• And tariff barriers with their effect of killing overseas markets that American industry depended upon for its very survival, and particularly at a time when local and national markets were drying up for lack of available liquidity. See in particular the Hawley–Smoot Tariff Act of 1930 for an orienting discussion as to how these business challenging and economy breaking barriers were erected.

Both of these developments happened: the first as a leading cause for what became the Great Depression for its bad banking practices consequences, and the second as an ill-considered response to a deepening recession, that made it the Great Depression for its duration and for its depths of severity.

I just identified the first of those two contributing factors: bad banking practices, as having been understood in principle if not in practice, and the second of them: tariff barrier protectionism as being less fully understood of the two. But in all fairness, faulty assumptions and fundamental misunderstandings contributed to both, and both for their occurring and for contributing to their consequences. And as I will briefly note in what follows here, these and other related failures in understanding and action fed upon each other and over a course of overlapping timeframes. And those toxic synergies made the Great Depression into the systemic collapse that it turned into. But let’s start with the banking system and its challenges.

Even the leadership of the bank holding companies that failed during the Great Depression knew and understood that they should not make unsecured loans and certainly not as a matter of routine practice. They required collateral on the part of businesses and other entities that would take out loans from them, as assurance that if those loans were in danger of defaulting, they could recover at least significant amounts of their invested capital. Their mistake, or at least the fundamental one that I would cite here: the point where their understanding of this type of due diligence as a matter of principle, broke with their understanding of it in practice, came from what in retrospect can only be called their hubris. They saw themselves as absolutely secure and stable, and as a result saw themselves as organizations as being immune from market-based stress or volatility. So when their customers saw the economy that they had invested in begin to collapse and when those customers started going to their banks that they had put their savings in, and in increasing numbers, those banks were unprepared. And as their customers started lining up at their doors to take their money out, more and more of them panicked and joined the lines until their banks’ cash holdings were so depleted that they could no longer function.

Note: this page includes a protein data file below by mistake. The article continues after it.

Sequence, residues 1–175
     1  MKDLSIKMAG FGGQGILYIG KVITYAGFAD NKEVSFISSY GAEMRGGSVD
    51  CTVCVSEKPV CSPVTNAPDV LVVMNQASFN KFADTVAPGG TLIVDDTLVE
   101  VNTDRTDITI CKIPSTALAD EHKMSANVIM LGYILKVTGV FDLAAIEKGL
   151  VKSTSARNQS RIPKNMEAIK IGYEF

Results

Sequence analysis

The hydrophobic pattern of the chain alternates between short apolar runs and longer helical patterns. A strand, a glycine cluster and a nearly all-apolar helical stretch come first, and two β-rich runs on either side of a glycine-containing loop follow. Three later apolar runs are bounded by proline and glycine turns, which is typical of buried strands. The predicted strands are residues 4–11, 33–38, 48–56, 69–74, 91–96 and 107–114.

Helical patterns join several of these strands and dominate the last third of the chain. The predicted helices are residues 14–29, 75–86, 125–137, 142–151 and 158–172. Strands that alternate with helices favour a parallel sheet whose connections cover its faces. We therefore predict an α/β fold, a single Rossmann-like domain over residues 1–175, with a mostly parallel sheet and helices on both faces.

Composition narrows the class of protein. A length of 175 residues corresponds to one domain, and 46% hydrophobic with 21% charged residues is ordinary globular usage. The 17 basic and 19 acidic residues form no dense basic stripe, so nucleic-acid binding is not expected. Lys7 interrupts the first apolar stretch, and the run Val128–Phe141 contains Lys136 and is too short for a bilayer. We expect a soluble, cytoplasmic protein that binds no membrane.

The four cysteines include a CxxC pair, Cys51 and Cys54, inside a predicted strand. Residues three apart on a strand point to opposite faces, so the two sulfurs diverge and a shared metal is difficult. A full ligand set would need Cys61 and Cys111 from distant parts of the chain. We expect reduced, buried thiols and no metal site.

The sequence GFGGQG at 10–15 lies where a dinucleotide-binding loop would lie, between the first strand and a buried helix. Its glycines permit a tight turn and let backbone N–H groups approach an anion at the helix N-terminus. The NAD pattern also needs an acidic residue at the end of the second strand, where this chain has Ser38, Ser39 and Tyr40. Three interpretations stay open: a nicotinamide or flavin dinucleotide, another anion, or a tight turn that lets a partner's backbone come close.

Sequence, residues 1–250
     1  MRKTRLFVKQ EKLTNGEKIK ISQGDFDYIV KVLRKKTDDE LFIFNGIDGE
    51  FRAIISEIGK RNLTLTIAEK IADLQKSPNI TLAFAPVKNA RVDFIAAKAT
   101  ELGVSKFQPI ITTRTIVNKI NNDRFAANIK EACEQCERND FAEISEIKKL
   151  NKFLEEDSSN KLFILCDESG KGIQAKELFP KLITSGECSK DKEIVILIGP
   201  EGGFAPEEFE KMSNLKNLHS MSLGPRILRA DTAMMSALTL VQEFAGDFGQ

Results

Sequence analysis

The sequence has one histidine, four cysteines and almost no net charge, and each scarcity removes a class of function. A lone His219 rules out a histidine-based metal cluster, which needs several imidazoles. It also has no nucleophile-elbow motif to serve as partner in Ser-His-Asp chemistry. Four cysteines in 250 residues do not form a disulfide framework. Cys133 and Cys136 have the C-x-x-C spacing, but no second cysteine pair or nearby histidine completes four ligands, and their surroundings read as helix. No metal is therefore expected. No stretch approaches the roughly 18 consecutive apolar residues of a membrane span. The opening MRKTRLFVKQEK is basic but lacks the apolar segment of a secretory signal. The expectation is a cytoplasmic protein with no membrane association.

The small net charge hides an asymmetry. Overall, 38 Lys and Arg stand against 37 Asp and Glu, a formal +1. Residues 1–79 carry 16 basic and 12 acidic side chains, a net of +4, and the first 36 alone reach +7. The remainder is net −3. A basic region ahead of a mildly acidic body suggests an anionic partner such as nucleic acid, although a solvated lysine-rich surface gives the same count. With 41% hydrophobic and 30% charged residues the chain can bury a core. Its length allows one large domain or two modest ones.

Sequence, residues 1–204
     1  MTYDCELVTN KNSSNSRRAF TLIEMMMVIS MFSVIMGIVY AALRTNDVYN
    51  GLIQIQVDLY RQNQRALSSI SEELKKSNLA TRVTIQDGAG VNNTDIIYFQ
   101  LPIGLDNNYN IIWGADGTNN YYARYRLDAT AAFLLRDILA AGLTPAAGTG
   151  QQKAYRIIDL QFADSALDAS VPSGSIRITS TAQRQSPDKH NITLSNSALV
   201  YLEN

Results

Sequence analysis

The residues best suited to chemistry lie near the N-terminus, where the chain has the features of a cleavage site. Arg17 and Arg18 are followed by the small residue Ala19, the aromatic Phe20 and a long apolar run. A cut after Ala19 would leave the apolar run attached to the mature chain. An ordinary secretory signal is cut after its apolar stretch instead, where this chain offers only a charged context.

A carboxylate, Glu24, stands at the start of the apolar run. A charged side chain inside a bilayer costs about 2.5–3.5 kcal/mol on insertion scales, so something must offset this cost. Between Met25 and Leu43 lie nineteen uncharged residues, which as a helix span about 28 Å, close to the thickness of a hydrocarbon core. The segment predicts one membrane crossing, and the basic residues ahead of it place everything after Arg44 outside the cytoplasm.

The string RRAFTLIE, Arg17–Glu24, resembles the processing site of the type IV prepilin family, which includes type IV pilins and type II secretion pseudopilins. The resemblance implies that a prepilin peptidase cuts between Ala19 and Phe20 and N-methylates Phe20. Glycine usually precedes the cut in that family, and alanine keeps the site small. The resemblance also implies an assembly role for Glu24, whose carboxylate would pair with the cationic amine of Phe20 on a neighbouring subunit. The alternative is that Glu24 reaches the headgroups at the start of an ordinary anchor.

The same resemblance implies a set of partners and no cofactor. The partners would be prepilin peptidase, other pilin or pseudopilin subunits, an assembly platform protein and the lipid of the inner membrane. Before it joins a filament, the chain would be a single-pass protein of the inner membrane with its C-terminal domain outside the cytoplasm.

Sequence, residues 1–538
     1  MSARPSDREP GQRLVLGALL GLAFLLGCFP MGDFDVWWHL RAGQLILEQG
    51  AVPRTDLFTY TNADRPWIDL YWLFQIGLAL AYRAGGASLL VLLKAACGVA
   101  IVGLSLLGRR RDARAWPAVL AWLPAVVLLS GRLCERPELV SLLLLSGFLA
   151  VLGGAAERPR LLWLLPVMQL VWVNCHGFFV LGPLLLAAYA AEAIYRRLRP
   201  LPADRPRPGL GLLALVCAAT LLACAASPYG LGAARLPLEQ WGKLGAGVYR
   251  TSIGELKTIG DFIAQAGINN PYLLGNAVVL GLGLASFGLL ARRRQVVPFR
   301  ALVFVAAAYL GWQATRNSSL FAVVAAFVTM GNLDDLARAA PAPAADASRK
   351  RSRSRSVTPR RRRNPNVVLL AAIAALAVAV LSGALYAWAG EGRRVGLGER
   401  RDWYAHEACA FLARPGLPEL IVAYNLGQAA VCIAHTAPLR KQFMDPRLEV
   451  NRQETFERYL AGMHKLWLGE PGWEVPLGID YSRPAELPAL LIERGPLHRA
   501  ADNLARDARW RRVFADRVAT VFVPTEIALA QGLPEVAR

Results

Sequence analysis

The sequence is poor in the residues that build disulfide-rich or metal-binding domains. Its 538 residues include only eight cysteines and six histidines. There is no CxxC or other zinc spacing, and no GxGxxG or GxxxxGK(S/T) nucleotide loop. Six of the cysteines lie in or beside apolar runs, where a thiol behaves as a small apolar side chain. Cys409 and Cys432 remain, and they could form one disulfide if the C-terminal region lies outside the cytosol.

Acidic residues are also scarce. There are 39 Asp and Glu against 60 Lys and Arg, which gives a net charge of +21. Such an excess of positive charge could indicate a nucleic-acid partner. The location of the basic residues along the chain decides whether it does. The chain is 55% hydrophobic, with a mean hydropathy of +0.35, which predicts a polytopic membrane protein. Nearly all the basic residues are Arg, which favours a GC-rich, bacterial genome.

I cited in my above bullet point how these holding companies had accepted shares in their own business as even preferred collateral for the loans they made. As their own systems began to fail, one member bank at a time, they found themselves as having in effect made vast numbers of loans without requiring any real collateral at all – or at least any that could still hold outside-validated value. So a bank in such a holding company might fail with others in that system finding themselves in distress but still remaining recoverable, at least in principle. But the house of cards nature of how they had all managed their businesses, in-house, as their own collateral valuation standard meant that those banks folded too. Their customers knew they had nothing real backing the loans they had entered into and they knew that the banks they had entrusted their savings in were now unreliable for that. And there was no Federal Deposit Insurance Corporation (FDIC) or similar outside supportive agency in place, at least yet, that might have quelled the panic and stopped the cascades of failures that quickly brought down entire bank holding companies and all of their member banks.